Neill Macaulay, who died in late October 2007 at his home in Micanopy, Florida, arrived at the profession of Latin American historian by a somewhat unconventional course. After undergraduate study at The Citadel in his native South Carolina, he served in the United States Army in postwar Korea and then, after a brief intermission, took up service with the Rebel Army of Fidel Castro in Cuba. He was not moved to do so for reasons of Marxist or any other ideology, but he felt a genuine sympathy for the long-neglected Cuban peasantry and felt that his own training could be put to good use on their behalf; neither did he deny that the possibilities for fame and fortune entered into his decision. Macaulay arrived, however, in time to fight only in the final phase of the Cuban Revolution. He then stayed on for slightly over a year after Castro’s victory,...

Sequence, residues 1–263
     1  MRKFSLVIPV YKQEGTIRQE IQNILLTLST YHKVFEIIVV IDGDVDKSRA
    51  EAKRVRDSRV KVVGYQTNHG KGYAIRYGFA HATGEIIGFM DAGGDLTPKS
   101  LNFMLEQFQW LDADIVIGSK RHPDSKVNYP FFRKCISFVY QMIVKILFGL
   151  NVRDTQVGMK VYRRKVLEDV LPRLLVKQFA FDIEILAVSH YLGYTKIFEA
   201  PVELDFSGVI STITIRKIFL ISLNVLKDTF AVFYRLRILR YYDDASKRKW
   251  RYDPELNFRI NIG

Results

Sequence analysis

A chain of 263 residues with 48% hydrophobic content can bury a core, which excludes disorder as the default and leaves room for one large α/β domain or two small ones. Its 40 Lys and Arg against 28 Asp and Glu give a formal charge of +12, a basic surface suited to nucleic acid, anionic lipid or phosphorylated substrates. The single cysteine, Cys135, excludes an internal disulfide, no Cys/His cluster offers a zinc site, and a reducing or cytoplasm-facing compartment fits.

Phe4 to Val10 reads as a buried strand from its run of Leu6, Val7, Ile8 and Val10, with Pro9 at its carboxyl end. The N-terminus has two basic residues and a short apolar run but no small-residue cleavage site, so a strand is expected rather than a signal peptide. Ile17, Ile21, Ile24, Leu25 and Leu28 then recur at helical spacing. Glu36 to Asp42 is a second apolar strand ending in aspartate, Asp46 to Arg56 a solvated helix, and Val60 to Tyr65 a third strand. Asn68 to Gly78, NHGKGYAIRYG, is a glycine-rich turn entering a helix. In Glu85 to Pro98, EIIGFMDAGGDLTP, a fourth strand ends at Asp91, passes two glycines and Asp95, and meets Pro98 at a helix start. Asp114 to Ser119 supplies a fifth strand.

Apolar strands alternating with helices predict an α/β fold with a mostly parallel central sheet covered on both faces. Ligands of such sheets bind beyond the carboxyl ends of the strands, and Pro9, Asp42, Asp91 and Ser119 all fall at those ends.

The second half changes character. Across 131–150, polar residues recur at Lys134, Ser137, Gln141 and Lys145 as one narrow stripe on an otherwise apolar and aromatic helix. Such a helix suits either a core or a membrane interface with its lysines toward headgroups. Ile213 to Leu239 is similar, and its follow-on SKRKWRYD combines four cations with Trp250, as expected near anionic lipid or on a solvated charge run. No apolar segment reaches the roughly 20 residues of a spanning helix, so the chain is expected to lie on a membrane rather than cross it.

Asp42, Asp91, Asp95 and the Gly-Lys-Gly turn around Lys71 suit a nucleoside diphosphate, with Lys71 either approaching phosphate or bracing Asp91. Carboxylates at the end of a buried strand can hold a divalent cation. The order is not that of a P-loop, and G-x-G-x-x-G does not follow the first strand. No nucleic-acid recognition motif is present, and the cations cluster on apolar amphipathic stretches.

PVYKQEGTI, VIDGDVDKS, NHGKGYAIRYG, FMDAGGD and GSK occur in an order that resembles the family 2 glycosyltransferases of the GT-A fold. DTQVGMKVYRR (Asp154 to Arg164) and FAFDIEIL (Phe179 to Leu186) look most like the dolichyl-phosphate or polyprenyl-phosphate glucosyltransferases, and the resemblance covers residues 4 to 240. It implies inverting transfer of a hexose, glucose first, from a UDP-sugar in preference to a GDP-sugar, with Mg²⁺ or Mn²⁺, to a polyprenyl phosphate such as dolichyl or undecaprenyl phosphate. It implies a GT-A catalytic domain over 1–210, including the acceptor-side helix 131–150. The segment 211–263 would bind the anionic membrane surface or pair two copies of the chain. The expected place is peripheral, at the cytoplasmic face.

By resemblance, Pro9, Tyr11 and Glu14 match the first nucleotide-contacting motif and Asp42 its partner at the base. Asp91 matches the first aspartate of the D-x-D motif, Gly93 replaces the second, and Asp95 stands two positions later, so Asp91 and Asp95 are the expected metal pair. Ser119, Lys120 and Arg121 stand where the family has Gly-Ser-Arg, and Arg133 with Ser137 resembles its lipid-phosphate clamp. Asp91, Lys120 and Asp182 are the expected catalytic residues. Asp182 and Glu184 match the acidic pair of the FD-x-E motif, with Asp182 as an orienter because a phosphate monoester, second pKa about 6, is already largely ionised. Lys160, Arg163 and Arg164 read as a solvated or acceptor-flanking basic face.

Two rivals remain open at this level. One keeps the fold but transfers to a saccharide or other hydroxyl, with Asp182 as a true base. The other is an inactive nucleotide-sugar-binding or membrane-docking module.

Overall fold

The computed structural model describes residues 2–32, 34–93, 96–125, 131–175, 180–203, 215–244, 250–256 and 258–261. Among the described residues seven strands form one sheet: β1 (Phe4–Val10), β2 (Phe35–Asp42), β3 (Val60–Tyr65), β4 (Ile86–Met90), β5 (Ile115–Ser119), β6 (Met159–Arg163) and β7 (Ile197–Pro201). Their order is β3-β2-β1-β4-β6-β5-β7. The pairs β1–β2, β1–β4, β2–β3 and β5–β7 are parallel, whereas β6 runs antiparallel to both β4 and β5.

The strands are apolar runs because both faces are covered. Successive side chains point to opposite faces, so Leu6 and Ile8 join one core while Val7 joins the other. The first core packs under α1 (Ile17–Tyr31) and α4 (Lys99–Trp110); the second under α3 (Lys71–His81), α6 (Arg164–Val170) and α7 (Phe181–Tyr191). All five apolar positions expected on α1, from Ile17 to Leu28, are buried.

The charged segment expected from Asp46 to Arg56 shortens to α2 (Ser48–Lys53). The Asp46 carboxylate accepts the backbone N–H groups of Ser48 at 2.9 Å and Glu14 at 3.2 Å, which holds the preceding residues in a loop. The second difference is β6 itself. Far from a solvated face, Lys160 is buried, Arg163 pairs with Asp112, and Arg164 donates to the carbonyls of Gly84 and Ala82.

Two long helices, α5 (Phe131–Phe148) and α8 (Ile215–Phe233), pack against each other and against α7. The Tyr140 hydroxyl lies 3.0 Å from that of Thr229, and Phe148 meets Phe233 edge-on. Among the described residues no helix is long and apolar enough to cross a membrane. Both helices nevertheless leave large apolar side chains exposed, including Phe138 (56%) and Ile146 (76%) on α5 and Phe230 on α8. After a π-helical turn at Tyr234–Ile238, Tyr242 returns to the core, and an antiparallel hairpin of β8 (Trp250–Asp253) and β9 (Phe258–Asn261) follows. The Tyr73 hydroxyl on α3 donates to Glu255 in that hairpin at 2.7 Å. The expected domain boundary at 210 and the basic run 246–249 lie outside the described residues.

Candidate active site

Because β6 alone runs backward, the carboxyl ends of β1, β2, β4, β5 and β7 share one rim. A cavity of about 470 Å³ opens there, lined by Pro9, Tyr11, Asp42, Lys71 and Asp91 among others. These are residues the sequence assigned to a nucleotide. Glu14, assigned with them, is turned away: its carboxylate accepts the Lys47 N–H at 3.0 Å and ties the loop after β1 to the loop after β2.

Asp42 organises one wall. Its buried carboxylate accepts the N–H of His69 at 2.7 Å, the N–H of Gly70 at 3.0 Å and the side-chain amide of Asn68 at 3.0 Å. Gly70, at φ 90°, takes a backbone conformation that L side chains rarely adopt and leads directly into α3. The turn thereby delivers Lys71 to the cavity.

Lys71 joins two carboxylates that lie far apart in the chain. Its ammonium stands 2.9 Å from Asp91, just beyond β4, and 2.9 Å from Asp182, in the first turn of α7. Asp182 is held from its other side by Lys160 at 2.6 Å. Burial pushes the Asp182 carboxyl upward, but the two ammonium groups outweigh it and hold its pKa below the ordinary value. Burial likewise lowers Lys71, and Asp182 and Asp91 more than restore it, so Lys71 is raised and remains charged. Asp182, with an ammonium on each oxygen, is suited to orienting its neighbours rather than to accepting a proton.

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David Bushnell; Neill W. Macaulay Jr. (1935 – 2007). Hispanic American Historical Review 1 August 2008; 88 (3): 493–495. doi: https://doi.org/10.1215/00182168-2008-333
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